Good thing that I watched the WBSS beforehand because that was another night to remember. I was expecting the Monster to win by knockout but damn does he steamroll over his competition at 118. So far, Inoue has lived up to his nickname, and he’s done so against top-five-rated bantamweights who had never been stopped in the pro ranks.
This guy is something special and if he does that to Donaire I am in full fever mode too. I’ve officially got Inoue Fever right freakin’ now!
I wonder if we could have a chance to see him fight against Rungvisai if Srisaket moves up. Do you think it is possible or would the Monster be too busy moving up? I think there’s a very good chance that Inoue will be at 122 pounds by the time the Thai veteran is ready to venture into the bantamweight division. If Sor Rungvisai winds up fighting an Inoue some day, I think it will be Takuma.
IS INOUE THE BEST?
Wow, just wow. How impressive is Naoya Inoue? This little 118 pounder is probably the most exciting boxer in the world today. He also might be the best. The way he’s dispatched his opponents and considering the quality of those he faced might be the most impressive of any fighter today. His speed-power combination is unparalleled and there seems to be no one out there who can match him. The first round of his fight against Rodriguez was very entertaining and I could see a complicated fight for The Monster. I even thought he showed some cracks in his armor and a little bit of recklesness. But man, that second round blitz, specifically the second knockdown with that body punch was astonishing.
What do you think? Am I wrong to think he’s the best? I love Crawford, Spence and GGG but this kid, man, he just won my boxing heart. For as much as I like Nonito, I don’t think he can survive more than 4 to 5 rounds against this beast.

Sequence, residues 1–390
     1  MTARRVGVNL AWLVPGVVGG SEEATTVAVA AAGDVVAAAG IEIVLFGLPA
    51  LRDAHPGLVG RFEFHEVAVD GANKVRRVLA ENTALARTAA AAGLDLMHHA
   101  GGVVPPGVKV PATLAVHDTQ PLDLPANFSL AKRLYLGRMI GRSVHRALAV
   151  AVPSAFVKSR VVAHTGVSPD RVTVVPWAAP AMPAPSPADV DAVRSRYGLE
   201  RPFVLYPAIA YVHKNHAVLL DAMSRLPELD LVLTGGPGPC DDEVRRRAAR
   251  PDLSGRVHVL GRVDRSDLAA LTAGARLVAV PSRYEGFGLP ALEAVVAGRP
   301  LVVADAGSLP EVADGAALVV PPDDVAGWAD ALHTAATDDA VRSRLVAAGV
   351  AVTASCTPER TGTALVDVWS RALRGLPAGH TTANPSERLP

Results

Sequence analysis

Thanks Doug! – Juan Valverde, San Diego
I’ll be saying a little prayer for Nonito prior to his fight with Inoue, which I hope lands in the Los Angeles area.
Are you wrong to think Inoue is the best in the fight game right now? I wouldn’t argue with you. He’s definitely the best puncher (as The Ring declared him last year for our State of the Game issue that made Japanese boxing history by featuring him on the cover), and he’s certainly the most dynamic of the elite boxers. And no other fighter produces the explosive excitement he does, except for Deontay Wilder (but Inoue is doing it against better opposition in my opinion).
He’s got a very strong body of work for a 26 year old pro with 18 bouts, but I don’t think his resume trumps the ledgers of Loma or Canelo, and I don’t think he’s had a title reign (yet) that’s been as dominant as Crawford and Golovkin were during their recent reigns. But he’s right there with those magnificent fighters (which includes Oleksandr Usyk).